The Finnish prison camps of the Civil war – a brief overview

The Finnish civil war of 1918 was, it could be argued, the key event in the nation’s history. A decisive break with Russia, which had controlled Finland since 1809, the war led Finland ultimately to independence. The war lasted barely four months with widespread fighting across the country. It also, however, saw the formation of the notorious prison camps.

On 1917, the internal troubles in Russia gave Finland the opportunity to declare independence. The Eduskunta (national legislative body) proclaimed independence on July 18th 1917 but were instantly dissolved by the Russian provisional government. A new parliament was formed on December 6th 1917, which again proclaimed independence. On January 27th 1918, civil war broke out between the two main factions in the population; the Reds (punaiset), the socialists, and the Whites (valkoiset) the conservatives.

The first prison camps were established at the early stages of war in the Northern part of Finland controlled by the Valkoiset. By March some 4,000 Punaiset and 5,000 Russian soldiers were housed in the camps. This number rose to dramatically after the battle of Tampere on April 5th and the first large camp was built. By the end of April, thousands of refugees, mostly punaiset, were on the move heading east for the Russian border. More than 30,000 were captured by the valkoiset between the towns of Hämeenlinna and Lahti. Initially held at the Fellman concentration camp, the women and children were released, but around 11,000 male refugees and Red Guard members were sent to the camp at Hennala. When the war ended, May 15th 1918, there were some 80,000 prisoners who were transferred to 13 main camps, located mostly in the southern parts of the country.

The Eduskunta was now the government of an independent country with all the responsibilities that that entailed. As a result, the management of the camps was not a high priority and was left in the hands of the white army. As a result conditions rapidly deteriorated.

During the war summary executions had taken place but be June of 1918 the Political Offence Court (Valtiorikosoikeus) was established and courts martial proceeding began against the prisoners. Those found guilty of war crimes were executed, those found to have merely fight on the red side were given prison sentences and those who were merely innocent punaiset sympathisers were released. However, the lack of overall government control allowed many camp commanders to influence the courts martial. For example, Hans Kaln, commander at Hennala camp, had 200 women and children executed despite the directive to release such prisoners, as mere sympathisers.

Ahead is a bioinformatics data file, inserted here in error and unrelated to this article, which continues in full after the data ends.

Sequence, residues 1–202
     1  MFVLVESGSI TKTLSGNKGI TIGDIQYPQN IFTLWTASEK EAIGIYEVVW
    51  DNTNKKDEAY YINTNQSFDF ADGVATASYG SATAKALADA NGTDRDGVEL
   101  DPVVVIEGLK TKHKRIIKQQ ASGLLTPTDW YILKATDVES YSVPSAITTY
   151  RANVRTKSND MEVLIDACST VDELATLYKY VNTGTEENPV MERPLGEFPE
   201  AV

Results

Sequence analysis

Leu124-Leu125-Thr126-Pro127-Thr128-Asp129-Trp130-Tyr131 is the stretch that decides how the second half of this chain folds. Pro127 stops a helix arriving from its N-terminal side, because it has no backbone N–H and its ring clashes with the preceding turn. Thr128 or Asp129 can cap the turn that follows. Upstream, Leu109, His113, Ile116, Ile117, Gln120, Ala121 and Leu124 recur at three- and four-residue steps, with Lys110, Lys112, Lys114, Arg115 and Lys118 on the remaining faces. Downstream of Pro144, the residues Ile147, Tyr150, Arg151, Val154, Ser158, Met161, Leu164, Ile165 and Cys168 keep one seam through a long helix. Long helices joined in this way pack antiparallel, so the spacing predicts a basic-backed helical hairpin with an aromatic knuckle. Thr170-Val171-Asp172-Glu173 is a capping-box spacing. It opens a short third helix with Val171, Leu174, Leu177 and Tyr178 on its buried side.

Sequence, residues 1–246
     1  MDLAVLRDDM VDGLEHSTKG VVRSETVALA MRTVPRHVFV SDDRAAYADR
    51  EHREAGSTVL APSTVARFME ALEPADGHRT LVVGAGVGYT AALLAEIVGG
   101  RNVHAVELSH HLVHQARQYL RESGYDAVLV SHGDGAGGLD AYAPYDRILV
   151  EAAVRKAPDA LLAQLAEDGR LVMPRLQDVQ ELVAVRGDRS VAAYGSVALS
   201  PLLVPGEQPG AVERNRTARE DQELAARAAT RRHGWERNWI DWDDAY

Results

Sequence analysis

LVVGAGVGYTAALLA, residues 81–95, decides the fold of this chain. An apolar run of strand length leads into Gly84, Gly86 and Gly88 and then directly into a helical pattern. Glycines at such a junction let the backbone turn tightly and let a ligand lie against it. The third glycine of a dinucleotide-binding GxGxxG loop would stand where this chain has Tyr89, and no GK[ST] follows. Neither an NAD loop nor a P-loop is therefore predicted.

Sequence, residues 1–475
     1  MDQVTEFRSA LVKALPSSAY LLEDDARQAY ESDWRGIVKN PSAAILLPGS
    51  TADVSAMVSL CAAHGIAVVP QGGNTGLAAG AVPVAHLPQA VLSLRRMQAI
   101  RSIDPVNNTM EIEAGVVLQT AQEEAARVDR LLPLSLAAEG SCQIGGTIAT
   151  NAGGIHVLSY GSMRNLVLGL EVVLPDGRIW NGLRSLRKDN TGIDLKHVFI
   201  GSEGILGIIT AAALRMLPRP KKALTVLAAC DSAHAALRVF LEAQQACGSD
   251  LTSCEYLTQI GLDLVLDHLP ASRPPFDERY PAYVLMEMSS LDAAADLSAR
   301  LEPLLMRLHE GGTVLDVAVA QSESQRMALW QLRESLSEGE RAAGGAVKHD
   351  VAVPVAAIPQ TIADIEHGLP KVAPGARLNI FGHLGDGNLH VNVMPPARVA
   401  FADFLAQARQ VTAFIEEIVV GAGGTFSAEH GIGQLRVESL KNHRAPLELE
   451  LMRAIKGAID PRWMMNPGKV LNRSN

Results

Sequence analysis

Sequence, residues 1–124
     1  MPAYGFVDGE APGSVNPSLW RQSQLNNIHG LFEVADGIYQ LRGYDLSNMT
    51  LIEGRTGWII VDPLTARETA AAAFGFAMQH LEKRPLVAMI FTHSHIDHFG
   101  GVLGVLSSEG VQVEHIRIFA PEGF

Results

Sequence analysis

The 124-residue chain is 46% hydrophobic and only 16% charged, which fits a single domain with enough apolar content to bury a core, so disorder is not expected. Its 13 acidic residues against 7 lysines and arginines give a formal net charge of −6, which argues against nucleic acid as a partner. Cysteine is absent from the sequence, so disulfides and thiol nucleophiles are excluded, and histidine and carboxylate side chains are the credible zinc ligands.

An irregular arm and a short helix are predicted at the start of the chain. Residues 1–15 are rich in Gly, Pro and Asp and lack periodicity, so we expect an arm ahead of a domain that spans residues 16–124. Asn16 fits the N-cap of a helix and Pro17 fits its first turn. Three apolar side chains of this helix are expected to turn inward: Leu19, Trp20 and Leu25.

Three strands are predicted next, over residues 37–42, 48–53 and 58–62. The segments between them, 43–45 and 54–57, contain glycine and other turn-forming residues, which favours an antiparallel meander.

The other main issue in the camps was the brutal living conditions. Of the 1,482 children known to have been held in the camps 104 died of starvation and disease. It has been estimated that between 12-14,000 prisoners died in the camps out of a total population of about 80,000.

Civil_War_Prison_Camp_in_Helsinki (1)

The camps had been hurriedly built for a war situation and did not have the infrastructure for long term use. Latrines were poorly built and insufficient in number contributing to the spread of disease. Dysentery was rife through-out the camps. Food supplies were sporadic with most rations being well below what was required. No one in the government took responsibility for food supplies and camp commanders were left to find supples where they could locally, Equally, food parcels from family members were left to rot as there was no government order given for their distribution and no central records held as to which prisoners were in what camp.


In August 1918, Robert Tigerstedt a medical scientist made a secret report where he stated, ‘…such a death rate was never seen before and nothing like that could have happened even during the times of Czarist Russia.’ At the time of Togerstedt’s report around 30 prisoners a day were dying in in the Tammisaari prison camp in Ekenäs, a mortality rate of 34%. Tigerstedt’s report was leaked to the Swedish press by Finnish Social Democrats leading to widespread international condemnation. This was followed by a visit to the Suomenlinna camp by the businessman Hjalmar Linder to see some of his former employees. Linder wrote an open letter to the Swedish language newspaper Hufvudstadsbladet saying ‘the Red Madness has turned into a White Terror as people are dropping dead like flies’. Despite Linder being condemned as a red sympathiser, the government finally acted and took over control of the camps. By the autumn of 1918, conditions in the camps had markedly improved. Food supplies were regularised and rations increased. New latrines were built and medical facilities improved. Almost half of the prisoners were released with the other transferred into work camps. Prisoners continued to be released and their numbers had fallen to 4,000 by the end of 1919. The last cams were closed in 1921 and the final 100 prisoners were sent to the camp at Tammisaari. The last 50 prisoners were released in 1927.


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